Why German real estate is a hot investment market

The German real estate market is thriving in spite of difficult economic conditions

German real estate has outperformed its market expectations, and is significantly contributing to the country's economy
German real estate has outperformed its market expectations, and is significantly contributing to the country's economy 

The euro crisis dominated the 2013 investment market in Germany and throughout Europe. Economic instability in Europe, continuously low market interest and the prospect of an ongoing financial crisis led to a comparably slow investment market at the beginning of 2013. In spite of this, Germany remained economically stable, which led investors to start their investment engines again, causing a further significant increase in the overall transaction volume of the German ‘big seven’ (Hamburg, Frankfurt, Düsseldorf, Co-logne, Stuttgart, Munich and Berlin).

At the end of 2013, the German real estate investment market not only fulfilled but outperformed its market expectations. The real estate transaction market for commercial real estate in the German big seven increased by 7.8 percent from €15.2bn in 2012 to €16.3bn in 2013 according to German Property Partners.

The German real estate investment market saw less big scale transactions than in the boom years of 2006-07, but several multi-billion euro transactions were still made (GBW, GSW, Karstadt etc.). An increased interest in club deals became apparent and mezzanine financing became more important. All in all, 2013 was a positive year for the German real estate investment market and fostered an appetite for an even better 2014.

2014 investment environment
The economic signs and indicators support the vision for 2014 as an interesting and successful year for the German transaction markets, especially in the real estate sector. Although discussions continue about the still unresolved euro crisis, the German economy is growing continuously. Germany (along with Sweden) is expected to be one of the few major economies in Europe with an accelerated growth rate, according to Patrizia AG and Reuters. France, usually an important supporter for the stability of the European economy, is currently losing momentum.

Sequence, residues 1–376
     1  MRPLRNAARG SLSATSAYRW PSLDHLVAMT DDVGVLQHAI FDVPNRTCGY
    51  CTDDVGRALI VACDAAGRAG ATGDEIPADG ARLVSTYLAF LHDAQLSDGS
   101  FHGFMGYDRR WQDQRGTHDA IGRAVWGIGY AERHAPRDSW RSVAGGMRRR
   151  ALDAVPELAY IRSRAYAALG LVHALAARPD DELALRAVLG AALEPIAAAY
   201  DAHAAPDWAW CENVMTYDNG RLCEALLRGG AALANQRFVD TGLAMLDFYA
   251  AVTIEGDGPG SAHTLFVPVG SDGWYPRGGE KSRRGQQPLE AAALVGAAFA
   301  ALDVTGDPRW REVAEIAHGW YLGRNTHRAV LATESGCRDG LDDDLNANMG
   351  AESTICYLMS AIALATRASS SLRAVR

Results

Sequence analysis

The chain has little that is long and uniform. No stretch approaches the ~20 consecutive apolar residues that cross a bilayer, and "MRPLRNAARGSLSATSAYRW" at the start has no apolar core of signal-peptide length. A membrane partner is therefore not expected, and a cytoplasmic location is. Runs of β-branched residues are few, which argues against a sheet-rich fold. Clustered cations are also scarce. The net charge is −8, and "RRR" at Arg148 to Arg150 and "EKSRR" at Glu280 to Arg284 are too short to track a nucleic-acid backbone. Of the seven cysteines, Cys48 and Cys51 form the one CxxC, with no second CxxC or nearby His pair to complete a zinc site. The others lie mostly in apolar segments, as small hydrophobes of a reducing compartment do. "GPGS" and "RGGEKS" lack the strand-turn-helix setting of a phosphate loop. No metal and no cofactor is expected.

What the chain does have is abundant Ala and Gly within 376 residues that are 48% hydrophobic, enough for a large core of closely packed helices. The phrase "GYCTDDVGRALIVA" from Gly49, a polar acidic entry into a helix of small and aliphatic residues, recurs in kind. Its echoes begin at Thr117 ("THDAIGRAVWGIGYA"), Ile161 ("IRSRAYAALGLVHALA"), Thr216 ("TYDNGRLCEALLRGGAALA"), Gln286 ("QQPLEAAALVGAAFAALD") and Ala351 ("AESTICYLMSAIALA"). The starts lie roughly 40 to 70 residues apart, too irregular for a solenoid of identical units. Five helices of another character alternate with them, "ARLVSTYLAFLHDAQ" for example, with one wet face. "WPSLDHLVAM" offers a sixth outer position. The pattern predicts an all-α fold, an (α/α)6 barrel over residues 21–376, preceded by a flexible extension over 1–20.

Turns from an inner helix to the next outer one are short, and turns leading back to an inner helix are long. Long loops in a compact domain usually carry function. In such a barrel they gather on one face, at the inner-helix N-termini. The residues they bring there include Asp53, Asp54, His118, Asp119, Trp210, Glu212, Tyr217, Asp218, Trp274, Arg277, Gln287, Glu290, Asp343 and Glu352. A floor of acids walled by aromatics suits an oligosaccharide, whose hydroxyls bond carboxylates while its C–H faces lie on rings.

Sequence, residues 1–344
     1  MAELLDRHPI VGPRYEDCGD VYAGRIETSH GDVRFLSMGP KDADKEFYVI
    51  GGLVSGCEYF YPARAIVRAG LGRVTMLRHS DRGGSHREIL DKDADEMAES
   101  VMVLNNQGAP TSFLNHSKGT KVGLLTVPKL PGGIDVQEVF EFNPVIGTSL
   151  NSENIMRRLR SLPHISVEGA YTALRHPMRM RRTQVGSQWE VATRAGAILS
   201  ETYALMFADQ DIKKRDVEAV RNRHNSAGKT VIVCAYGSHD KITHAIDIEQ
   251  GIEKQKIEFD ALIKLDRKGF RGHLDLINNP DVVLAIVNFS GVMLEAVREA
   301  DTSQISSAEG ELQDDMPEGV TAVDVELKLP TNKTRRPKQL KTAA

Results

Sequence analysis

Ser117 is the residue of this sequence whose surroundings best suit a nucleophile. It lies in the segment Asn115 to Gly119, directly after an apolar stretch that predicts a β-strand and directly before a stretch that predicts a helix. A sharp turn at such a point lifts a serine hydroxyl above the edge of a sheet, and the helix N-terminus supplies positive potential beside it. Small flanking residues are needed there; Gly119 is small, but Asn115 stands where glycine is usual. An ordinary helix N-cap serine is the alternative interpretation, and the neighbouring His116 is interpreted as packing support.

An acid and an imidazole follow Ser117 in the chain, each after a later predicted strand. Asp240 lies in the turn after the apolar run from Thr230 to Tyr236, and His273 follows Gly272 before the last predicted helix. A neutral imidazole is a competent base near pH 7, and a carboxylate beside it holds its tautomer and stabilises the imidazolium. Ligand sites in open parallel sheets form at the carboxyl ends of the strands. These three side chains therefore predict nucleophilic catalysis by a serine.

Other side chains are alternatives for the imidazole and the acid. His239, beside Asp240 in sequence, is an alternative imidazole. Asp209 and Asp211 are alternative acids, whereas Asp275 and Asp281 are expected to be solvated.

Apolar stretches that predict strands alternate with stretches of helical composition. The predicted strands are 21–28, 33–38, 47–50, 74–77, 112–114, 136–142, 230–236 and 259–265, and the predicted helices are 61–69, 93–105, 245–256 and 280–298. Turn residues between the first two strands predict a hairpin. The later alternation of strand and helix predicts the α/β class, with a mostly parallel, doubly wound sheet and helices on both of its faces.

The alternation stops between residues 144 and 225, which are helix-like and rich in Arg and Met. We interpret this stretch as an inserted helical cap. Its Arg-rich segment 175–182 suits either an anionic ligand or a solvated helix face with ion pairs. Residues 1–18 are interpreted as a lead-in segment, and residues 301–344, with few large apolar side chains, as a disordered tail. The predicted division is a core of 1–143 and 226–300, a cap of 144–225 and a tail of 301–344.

The real estate transaction market for commercial real estate in the German big seven increased by 7.8 percent from €15.2bn in 2012 to €16.3bn in 2013

Market interest will remain very low, although perhaps not quite to the historical levels seen in 2013. The possibility of a slight increase in interest rates cannot not be excluded. The unemployment rate will also remain low, especially in comparison to various troubled European partner countries. All of which should clear the path for a booming and healthy investment market in Germany.

Outlook for German real estate
In 2014, Germany will remain one of the most attractive real estate investment markets in Europe, and throughout the world. The German market offers investment opportunities for all categories of investors: large and small; institutional; semi-private or private; fund of funds or funds; all either domestic or international.

Despite the positive economic indicators and the country’s continuously increasing rents, the German market is still challenging and requires educated and experienced investors and advisers. Investors with a comprehensive understanding of the market and the regional specifics will have clear advantages.

Core+ investors will continue to find attractive investment opportunities in the big seven, although it will become more difficult to generate attractive returns if inflation increases in the course of 2014.

We expect a significant increase in value added investments in order to allow for sufficient return. Foreign investors will stay with the German big seven or big six (without Stuttgart) and avoid B or C cities. Domestic investors continue to realise that attractive investment opportunities are available in B and C cities if the homework is done and regional knowledge is available or hired. Opportunistic investments may be found, for example, in development projects in rural areas. Mezzanine financing and club deals will become more and more important.

2014 may be seen as an investment year that clearly separates the wheat from the chaff. The high levels of interest in the German market and the increasing complexity of transactions – due, for example, to regulatory requirements and financing restraints – require a very educated investor type with an excellent knowledge of investment and an intelligent and individual strategy for each investment. The ‘one size fits all’ investor is clearly passé.

Germany is and remains a hot real estate investment market. In 2014, it will be open to all types of investors, foreign or domestic. The transaction volume will most certainly increase – again. The increasing challenges inflicted by the complexity of the regulatory environment and the demanding financing environment clearly play into the hands of experienced and/or creative investors with a sophisticated and individual vision for each investment. These investors demand comparable standards from their advisors, i.e. experience, individuality and creativity.

The A cities, especially Berlin, will remain the core focus of foreign investors. Domestic investors, meanwhile, will take advantage of their more intimate outlook on B and C cities. In summary, 2014 will be seen as an interesting and successful investment year.

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